Apart from that, though, there's also some other great opportunities here. Let's say Amazon were to build a special webOS client for their retail store: it could automatically create calendar reminders for you, which notify you of upcoming release dates for books, movies, games or anything else you're waiting to buy. Or maybe provide an option to share products of interest with people in your contacts?

Finally, as mentioned before, Amazon have recently expanded into eBooks. Their Kindle eReader fetches content via Whispernet, which is a free wireless content delivery service provided in partnership with Sprint – who also happen to be the Pre's first carrier. Amazon have noted in the press release announcing Kindle 2 that "Kindle 2 will also sync with a range of mobile devices in the future." Will we see an ability to download eBooks direct to your Pre, and keep bookmarks in sync across all your devices – so you never lose your place?

MobiTV

Who are they? MobiTV were founded in 1999, and provide a range of video content to mobile subscribers, including live television, video-on-demand and digital music services. They have over three million subscribers, and are partners with Sprint. We reviewed their Palm OS app back in 2006, where Kris found it to be "tiptoeing the line between novelty and killer app."

How will they integrate with webOS? This one shouldn't require too much speculation. MobiTV clients are already available on Palm, Windows Mobile and Blackberry devices, and they do exactly what they say: provide decent streaming video services for a subscription fee (currently $9.99 USD per month). Sprint users – which, initially, will be everyone who buys a Pre - will get access to exclusive videos from SprintTV.

I can think of one possible way they might use the webOS technology: pop-up reminders via the notification area, telling you when your favorite shows are about to begin. Apart from that? We'll have to see how creative MobiTV are.

Pivotal Labs

Who are they? A California-based software development consultancy who've worked with a lot of big names, including Twitter, Best Buy and Salesforce.com, Pivotal Labs are working behind the scenes with other unnamed webOS developers, helping them get up to speed on webOS and the Mojo SDK. They've developed a wide variety of software development tools, including Pivotal Tracker, a web application which allows development teams to collaborate in real-time on projects. You can check out our interview with Pivotal here, where their VP of Business Development, Christian Sepulveda, shared his thoughts on webOS and the Mojo SDK.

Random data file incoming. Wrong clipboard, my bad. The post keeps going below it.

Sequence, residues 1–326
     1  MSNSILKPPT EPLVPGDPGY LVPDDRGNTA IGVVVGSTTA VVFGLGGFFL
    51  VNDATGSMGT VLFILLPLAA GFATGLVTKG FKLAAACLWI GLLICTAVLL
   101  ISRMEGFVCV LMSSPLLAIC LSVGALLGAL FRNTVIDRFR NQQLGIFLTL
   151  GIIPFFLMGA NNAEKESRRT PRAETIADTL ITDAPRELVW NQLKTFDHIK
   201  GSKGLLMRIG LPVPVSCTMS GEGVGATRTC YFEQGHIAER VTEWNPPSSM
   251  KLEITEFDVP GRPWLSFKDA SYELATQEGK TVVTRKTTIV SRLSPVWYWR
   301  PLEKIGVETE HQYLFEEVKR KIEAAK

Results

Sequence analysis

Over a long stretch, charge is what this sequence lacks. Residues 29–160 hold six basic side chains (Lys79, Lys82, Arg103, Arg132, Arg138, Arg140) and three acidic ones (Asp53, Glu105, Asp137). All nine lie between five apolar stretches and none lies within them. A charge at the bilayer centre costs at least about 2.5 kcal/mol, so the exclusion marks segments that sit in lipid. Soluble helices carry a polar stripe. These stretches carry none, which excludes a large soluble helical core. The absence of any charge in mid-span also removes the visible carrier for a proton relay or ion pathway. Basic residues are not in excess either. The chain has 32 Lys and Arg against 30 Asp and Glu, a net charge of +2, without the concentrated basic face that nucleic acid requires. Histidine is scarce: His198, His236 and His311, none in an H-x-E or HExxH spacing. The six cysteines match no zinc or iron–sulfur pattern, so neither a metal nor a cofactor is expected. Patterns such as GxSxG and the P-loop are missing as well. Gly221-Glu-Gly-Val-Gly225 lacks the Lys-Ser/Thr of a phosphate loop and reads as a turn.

What's their contribution to webOS? Indirect. Although they've told Palm Infocenter they'll "probably" put out an app or two themselves – and given Pivotal Tracker is a web-based tool, it is a safe bet that would be one of them - it seems they've been employed by Palm mainly to aid their other software partners in webOS development. We can make an educated guess that they were instrumental behind-the-scenes in coordinating the webOS "developer camp", which we learned about in our interview with Pandora CTO Tom Conrad. If their list of high-profile clients is anything to go by, then they'll prove to be a great asset.

DataViz

DataViz Pre BoxWho are they? Anyone who's used a Palm OS device in the last couple of years will be well-acquainted with DataViz's Documents to Go, an office software suite that offers an excellent set of mobile-optimized, Microsoft Office-compatible applications: it's been built into every smartphone Palm have put out. DataViz has since spread their wings and can now be found on Android, Windows Mobile and Symbian in addition to Palm OS. Given their long history and shared success with Palm, they're an obvious must-have developer for webOS.

How will they integrate with webOS? Good question: we don't know! Although they've told Palm Infocenter that they're "thrilled" about the positive buzz webOS and Pre have received, they're not giving up anything else at this stage. If we had to guess, we'd say some kind of online document-sharing, storage and collaboration services are in the pipeline, allowing them to compete with similar services offered by rivals like Google Documents.

If that's not the case, though, we can still expect the usual native MS Office file support, integrated with the operating system to make it a simple matter to open email-attached documents, spreadsheets etc, in addition to PDF files. A big part of the PalmOS Docs2Go is the ability to sync mobile documents with their desktop counterparts, so we'd expect to see something similar on webOS.

TO BE CONTINUED…
Join us next week for the final part of Partners in Precrime, where we'll wrap up with a look at Movietickets.com, Fandango, SplashData, AOL, Telenav and Chapura.

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Glossing over nicely ;)

skeezix @ 2/17/2009 1:29:13 PM # Q
Consider DataViz and docs2go. (And as a dev, we all have the same questions..)

If there is no native application access (more to point, a C compiler.. could just 'compile' to JS, or to native code. Whatever.) then it means a lot of existing code (for Palm OS and otherwise) needs total rewrite before being useful. For games, you're not going to get a Quake port 'just like that', but lets talk productivity apps like Docs2Go..